Prince Shotoku did not made Buddhism an "official religion" - instead he announced that all Japanese should regard Shinto as the "main trunk of a tree" and Buddhism is its "branch" - It is a very unique idea of him and we cannot found in any other country in any time - having multiple religions by regarding Shinto (multiple gods) as a basic religion of all Japanese, and Buddhism added on it.
It also explains why many Japanese go to Shrine or Church for wedding and Temples for funeral.
Shotokutaishi originally came up to this idea seemingly in order to avoid conflicts and wars between two religions . In Shinto there is an idea of Yaoyorozunokami (=eight million = countless gods everywhere), and I imagine it was not an issue for them to accept gods from other religions as well in the end. Buddha might have been regarded as one of foreign gods in Shinto such as Karanokami (=God of Korea) at the first time introduced to Japan.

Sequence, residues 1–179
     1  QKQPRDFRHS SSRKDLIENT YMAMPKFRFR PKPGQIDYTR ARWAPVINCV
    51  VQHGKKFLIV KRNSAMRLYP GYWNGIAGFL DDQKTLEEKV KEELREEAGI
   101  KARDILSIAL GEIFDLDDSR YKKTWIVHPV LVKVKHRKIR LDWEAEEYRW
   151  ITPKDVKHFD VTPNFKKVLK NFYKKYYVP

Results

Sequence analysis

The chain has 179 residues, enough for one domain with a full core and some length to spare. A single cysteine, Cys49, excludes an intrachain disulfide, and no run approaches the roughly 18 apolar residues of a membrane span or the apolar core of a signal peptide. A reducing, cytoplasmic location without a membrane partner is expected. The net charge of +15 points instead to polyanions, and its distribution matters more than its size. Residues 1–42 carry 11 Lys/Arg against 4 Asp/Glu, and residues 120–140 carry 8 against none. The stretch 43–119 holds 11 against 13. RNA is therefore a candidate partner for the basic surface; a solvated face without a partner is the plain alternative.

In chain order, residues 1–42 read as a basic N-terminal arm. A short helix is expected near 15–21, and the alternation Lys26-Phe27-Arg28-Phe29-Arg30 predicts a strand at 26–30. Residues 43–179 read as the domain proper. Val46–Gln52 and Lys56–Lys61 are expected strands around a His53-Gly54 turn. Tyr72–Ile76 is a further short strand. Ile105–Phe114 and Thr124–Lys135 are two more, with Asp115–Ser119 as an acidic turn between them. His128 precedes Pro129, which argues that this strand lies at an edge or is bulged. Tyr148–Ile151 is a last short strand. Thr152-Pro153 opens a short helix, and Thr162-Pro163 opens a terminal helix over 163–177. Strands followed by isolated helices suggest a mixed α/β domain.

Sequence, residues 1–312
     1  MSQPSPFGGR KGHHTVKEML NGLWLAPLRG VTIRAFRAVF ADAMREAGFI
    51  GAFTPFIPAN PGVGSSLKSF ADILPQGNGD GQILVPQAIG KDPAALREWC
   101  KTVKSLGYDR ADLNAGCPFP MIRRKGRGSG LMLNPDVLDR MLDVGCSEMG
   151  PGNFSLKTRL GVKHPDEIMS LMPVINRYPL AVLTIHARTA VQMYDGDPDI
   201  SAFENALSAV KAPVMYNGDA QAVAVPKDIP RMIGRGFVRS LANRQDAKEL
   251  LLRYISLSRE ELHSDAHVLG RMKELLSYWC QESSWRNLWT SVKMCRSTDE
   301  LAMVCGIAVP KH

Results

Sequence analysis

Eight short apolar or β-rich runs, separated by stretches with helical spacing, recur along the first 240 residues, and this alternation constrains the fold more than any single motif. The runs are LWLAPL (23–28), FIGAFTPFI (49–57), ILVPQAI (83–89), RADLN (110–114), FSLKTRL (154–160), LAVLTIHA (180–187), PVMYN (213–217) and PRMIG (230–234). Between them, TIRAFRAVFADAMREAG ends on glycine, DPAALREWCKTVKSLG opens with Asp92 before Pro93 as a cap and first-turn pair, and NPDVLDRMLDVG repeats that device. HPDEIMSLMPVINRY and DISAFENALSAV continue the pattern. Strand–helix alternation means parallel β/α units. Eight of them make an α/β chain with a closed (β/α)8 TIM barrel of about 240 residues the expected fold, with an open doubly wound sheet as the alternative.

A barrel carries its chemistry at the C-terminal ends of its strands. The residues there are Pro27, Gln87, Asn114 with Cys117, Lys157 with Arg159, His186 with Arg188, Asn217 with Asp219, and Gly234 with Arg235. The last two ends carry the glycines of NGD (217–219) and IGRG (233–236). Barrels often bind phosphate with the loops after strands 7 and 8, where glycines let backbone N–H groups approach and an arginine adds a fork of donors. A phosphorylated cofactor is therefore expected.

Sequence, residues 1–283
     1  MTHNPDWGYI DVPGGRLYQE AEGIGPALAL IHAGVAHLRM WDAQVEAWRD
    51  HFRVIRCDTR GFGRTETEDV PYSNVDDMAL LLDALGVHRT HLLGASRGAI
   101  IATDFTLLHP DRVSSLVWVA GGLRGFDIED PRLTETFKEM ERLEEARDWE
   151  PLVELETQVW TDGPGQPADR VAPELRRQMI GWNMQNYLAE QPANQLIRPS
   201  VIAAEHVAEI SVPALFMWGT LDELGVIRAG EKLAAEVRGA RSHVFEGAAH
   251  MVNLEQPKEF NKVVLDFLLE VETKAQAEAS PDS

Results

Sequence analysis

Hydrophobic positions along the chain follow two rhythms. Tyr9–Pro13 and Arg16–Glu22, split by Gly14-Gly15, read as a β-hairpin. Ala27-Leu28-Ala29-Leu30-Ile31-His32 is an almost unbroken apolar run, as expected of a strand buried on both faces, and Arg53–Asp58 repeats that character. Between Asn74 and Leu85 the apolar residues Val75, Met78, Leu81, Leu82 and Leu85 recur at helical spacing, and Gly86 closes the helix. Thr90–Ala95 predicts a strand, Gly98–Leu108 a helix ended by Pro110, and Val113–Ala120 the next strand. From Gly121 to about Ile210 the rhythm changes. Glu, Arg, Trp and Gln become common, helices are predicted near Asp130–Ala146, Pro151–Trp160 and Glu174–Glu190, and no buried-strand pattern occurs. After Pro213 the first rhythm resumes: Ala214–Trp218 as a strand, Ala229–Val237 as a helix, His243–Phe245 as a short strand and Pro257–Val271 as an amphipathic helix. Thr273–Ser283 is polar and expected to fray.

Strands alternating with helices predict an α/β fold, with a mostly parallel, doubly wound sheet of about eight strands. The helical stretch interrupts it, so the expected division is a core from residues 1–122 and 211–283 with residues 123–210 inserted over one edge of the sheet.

Hoyu

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Hi Ken...

Thank you for the clarification. It should probably also be noted that every country that Buddhism has come to, Buddhism made a point of finding some common ground with the official spirituality of that nation. In India the Hindus say that Shakyamuni Buddha was an incarnation of Vishnu. In China, Ch'an is a union of Taoism and Dhyana. And so it was with Shintoism and Buddhism in Japan.

In Gassho, Kakuzen
 

KenUmedaira

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Hi Kakuzen,

Thanks, and I thought my previous post needs a correction.
Japan is not the only country having multiple religions combined as you pointed - as per your comment China, India etc... interesting to find such a similarity in other Asian country.
 

Satori